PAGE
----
So I continued westbound on the MST, looking at my map for any landmarks.  The trail began to descend steeply.   I looked over my left shoulder and saw Mount Hardy – I was walking away from it.  What?

Soon I passed a trail going off to the right, but no signs.  Checked my map – was this the Green Mountain Trail or Buck Spring Trail?  If it was Green Mountain, then Buck Spring should be coming up fast and I would at last know where I was…well, I knew I was on the MST and I knew I was westbound, but I didn’t know where the Mount Hardy trail was. 

Hope I’m not boring you, but this is an important lesson. 

I kept marching westbound and quickly reached a creek large enough to be on my map, which meant I had altogether missed the Green Mountain Trail and had just passed the Buck Spring Trail, and I was way past the summit trail.  Time to turn around and start looking again.  But I knew that I was not getting off the MST now unless I was very confident that I was in the right place.  My time was narrowing down and I did not want the embarrassment or expense of anyone coming to look for me.  My pride was a little miffed at not summiting Mount Hardy, but “pride goeth before a fall.” 

Back- tracking, I again reached the side trail I had first explored, and traveling from this direction it was instantly familiar as the trail that Danny and I had taken on our incomplete attempt.   What a difference memory is from a different direction!  This was clearly the “right leg” of the inverted Y that I had been looking for.  Again I ascended the side trail, but instead of turning left at the junction, I turned right to go up the Y.  Sure enough, the trail climbed steadily, passing the clear space where I could see Sam Knob and Little Sam, passing the USGS marker which we mistook for the summit before.  I kept following the trail a couple hundred yards further until it simply ended and I knew I was on the highest point.  Here is a photo of myself in thick trees, no view.  You’ll have to trust me.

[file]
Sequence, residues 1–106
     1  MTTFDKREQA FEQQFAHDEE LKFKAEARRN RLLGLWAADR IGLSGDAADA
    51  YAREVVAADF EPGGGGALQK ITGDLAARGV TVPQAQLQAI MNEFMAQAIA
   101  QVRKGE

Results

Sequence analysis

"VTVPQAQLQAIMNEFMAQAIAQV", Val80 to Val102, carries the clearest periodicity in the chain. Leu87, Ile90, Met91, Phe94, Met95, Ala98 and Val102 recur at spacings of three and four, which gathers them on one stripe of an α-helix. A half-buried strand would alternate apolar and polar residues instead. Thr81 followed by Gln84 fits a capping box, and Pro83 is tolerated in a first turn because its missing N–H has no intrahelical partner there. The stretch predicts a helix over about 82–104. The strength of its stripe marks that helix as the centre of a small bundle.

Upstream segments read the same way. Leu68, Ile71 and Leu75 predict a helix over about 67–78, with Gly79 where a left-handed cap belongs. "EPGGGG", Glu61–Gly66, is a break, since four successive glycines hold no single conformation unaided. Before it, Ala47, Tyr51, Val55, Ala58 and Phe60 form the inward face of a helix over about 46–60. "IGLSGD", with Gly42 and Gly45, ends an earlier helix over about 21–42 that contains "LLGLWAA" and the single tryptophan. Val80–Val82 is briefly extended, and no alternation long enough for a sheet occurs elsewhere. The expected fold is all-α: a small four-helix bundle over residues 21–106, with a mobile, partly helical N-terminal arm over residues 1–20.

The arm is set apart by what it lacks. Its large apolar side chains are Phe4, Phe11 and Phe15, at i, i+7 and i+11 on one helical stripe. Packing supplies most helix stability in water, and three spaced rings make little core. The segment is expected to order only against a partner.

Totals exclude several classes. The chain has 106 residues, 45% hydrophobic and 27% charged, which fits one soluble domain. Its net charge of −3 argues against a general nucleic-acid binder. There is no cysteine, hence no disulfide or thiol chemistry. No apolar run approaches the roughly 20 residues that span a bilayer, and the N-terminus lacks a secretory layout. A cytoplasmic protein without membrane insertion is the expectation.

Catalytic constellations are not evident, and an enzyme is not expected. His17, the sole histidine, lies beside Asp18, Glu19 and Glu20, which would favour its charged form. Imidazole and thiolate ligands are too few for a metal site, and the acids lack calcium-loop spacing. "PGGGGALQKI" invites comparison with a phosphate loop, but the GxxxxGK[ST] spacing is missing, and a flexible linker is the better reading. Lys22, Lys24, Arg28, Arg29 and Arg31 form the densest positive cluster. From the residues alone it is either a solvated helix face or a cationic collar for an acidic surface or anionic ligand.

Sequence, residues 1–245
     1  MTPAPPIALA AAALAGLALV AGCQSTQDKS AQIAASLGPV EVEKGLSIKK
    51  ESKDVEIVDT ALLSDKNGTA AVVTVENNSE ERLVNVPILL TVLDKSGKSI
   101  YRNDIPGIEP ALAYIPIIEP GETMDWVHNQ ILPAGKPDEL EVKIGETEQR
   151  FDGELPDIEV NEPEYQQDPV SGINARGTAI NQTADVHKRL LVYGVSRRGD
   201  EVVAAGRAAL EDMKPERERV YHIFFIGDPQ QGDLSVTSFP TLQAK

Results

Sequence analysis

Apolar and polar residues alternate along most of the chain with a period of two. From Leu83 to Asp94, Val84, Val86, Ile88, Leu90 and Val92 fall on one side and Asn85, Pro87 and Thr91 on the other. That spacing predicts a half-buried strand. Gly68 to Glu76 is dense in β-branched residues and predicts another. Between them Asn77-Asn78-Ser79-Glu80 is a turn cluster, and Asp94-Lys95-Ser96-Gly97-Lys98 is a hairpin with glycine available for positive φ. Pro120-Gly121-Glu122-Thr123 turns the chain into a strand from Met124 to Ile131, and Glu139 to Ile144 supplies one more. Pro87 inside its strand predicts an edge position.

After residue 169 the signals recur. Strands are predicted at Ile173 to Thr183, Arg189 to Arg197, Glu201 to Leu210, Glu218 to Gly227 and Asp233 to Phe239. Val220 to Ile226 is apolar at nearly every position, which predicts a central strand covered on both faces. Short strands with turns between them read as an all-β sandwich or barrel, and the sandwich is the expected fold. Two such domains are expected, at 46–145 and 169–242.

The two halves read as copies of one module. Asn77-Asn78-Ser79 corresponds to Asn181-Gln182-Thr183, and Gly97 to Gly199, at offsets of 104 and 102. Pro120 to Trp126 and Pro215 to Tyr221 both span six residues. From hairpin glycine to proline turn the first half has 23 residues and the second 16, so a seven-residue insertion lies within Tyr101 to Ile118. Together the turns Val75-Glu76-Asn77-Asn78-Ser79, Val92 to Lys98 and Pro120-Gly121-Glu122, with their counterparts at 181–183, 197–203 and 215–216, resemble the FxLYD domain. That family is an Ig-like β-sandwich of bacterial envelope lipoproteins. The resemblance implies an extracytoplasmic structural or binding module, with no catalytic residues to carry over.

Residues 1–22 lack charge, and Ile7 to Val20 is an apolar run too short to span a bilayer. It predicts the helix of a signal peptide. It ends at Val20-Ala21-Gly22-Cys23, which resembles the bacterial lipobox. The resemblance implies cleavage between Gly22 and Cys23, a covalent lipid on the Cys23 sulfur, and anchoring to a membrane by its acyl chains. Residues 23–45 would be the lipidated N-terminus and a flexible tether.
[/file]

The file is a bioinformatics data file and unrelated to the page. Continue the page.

Back down a short distance to the clearing with a view of Sam Knob, the warm sun on my back, I sat down on a rock to eat lunch.  Suddenly a roar came over the mountain, a sound so loud that I actually ducked my head, fully expecting a plane to fly over.  The wind gusting through the balsams is different than other trees, incredibly loud.  It sounded like a bear snorting into a microphone.  Of course, once I had that image I didn’t stay long, put my sandwich back in my bag and headed out.  It really spooked me. 

I descended back to the inverted Y junction, confidently turned right, which quickly took me back to the MST (where I had originally gotten confused).  I have a good head and memory for directions, so I won’t make the same mistake here again, but this experience was a lesson in map reading, orienteering, and I really need to use a GPS.
On the hike back I met a group of four adults with one little boy and five unleashed dogs.  I asked if the dogs were safe and the owners said yes a bit apologetically.  The boy was probably 2nd grade, extremely chatty, told me his name was River, insisted that he share a snack with me.  Everyone was outfitted very well, including River, who carried his own backpack loaded with a Camelback for water and his own food.  Good job, adults!

An unnamed waterfall glimpsed across a valley on the return MST

Back at my car, a car pulled up as I was changing out of my boots.  A middle-aged couple (yes, I realize I am middle-aged too) got out and asked if there was a trail crossing the road there that they could hike on.  I said yes, want to see a map?  I suggested they go the way I had been since I could verify that it was okay, no obstacles, and I also suggested they hike for a certain amount of time and then turn around.  They were pretty clueless.  And in the time that we stood there chatting, the guy decided it was cold and he didn’t want to go.  And we’re worried about ME getting lost in the wilderness?  Sigh.

Listening to a new compilation CD that my son made for me as a Christmas gift, the drive time home flew by.  Six hours in the car for a nine-mile hike feels like no time at all when you’ve got good music.  

I dream of hiking into my old age. I want to be able even then to pack my load and take off slowly but steadily along the trail. ~Marlyn Doan


Linda W. said...

Sounds like a grand adventure! Good for you for figuring out the correct trail. And yes, music is my salvation too when I'm driving lost distances to hike or ski.

Linda W. said...

Ooops, I meant "long" distances (not lost!) :)